Essay Examples on Vaughn College of Aeronautics and Technology

Tax Investigation Audit According to Okonkwo 2014

Tax Investigation Audit According to Okonkwo 2014 tax audit is usually triggered by suspicion of fraud evasion and related offences Bassey 2013 opined that tax audit is a level of enquiry aimed at determining what level of fraud or willful default or neglect a taxpayer perpetrated and to obtain evidence for possible prosecution of the culprit This implies that tax audit centers on determining some unrevealed sources of revenue pointing to gross non compliance or it may be about proof of underpayment and fraud Supporting this Oyedokun defined tax audit as an inspection of the financial affairs and taxpayers business records so as to ensure that law and regulation were maintained in the amount of tax reported This reflects that the so aim of tax audit is to ensure that laws and regulations regarding tax revenue are maintained by taxpayers with the aim of increasing the revenue pool of the government Okonkwo 2014 observed that tax audit is an essential compliance tool in most tax jurisdiction all over the word as it maximizes the expected tax revenue to the government both in developed and in developing countries Expanding this notion Kircher 2008 revealed that tax audit revolves examination of an individual or organization s tax report by the relevant tax authorities in order to ascertain compliance with applicable tax laws and regulations of state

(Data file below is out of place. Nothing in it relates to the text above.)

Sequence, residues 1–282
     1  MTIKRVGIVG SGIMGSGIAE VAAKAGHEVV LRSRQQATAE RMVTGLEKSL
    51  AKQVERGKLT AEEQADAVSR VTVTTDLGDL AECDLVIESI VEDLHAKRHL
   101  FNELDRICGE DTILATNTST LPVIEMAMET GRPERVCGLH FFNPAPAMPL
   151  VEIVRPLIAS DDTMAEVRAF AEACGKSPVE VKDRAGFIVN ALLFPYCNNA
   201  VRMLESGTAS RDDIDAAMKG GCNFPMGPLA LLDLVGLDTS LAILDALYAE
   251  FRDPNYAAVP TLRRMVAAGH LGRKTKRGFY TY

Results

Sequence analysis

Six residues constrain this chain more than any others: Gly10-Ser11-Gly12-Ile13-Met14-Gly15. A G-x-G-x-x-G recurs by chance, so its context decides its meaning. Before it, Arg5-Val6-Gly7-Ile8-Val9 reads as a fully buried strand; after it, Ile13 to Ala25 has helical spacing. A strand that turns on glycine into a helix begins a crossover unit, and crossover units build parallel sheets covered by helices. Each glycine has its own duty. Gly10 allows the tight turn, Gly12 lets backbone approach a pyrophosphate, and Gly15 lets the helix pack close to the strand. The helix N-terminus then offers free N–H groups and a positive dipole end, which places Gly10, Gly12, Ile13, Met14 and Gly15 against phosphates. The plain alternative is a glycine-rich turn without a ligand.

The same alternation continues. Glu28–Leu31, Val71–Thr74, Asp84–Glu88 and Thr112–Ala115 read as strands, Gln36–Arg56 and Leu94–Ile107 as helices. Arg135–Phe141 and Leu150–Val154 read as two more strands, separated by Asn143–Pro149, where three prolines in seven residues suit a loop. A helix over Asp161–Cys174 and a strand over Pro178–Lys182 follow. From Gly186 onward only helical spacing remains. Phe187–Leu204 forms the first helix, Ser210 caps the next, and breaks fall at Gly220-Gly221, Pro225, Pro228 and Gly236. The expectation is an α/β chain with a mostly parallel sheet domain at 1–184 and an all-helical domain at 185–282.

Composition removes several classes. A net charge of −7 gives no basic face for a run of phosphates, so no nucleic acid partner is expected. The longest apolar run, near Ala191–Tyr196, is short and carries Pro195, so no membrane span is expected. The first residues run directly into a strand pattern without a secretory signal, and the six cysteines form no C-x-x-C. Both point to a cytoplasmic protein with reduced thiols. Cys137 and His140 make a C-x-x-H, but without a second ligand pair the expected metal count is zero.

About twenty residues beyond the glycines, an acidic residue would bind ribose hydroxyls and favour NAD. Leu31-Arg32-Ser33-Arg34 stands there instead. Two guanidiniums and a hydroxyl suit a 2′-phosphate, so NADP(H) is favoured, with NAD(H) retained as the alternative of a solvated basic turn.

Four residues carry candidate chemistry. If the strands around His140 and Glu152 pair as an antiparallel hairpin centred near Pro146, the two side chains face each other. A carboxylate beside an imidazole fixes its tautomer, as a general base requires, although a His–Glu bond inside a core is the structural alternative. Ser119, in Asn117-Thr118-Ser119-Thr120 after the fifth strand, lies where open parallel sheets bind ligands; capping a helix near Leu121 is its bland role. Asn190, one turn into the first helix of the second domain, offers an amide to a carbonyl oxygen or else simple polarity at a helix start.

2 pages | 440 words

Anderson is a case that concerns the relationship between the judiciary and the executive

Liversidge v Anderson is a case that concerns the relationship between the judiciary and the executive It is a landmark administrative case highlighting the extent of powers which the executive possesses in regard to the liberty of citizens The main issue is in regards to regulation 18B of the Defence General Regulations Act 1939 especially how the wording of the Act was interpreted by the courts In this presentation I will look at whether the judiciary had an obligation to stand against the executive the rule of law the separation of powers and whether the case has had an impact on cases in the future The facts of the case are relatively simple Regulation 18B of the Defence Regulation Act 1939 stated that if the Secretary of State has reasonable cause to believe any person to be of hostile origin or associations or to have been recently concerned in acts prejudicial to the public safety or the defence of the realm or in the preparation or instigation of such acts and that by reason thereof it is necessary to exercise control over him he may make an order against that person directing that he be detained Mr Liversidge was imprisoned by the Secretary of State under regulation 18B without any evidence The Secretary of State refused to disclose documents relating to Mr Liversidge s arrest as they were confidential and of national security In the House of Lords the majority judgment held that the detention was lawful due to how the Act could be interpreted However the fifth judge in the case Lord Atkin disagreed and gave a dissenting judgment One of the main issues in Liversidge v Anderson is the interpretation of the phrase if the Secretary of State has reasonable cause to believe It needed to be established whether this statement was subject to an objective or subjective standard 

2 pages | 618 words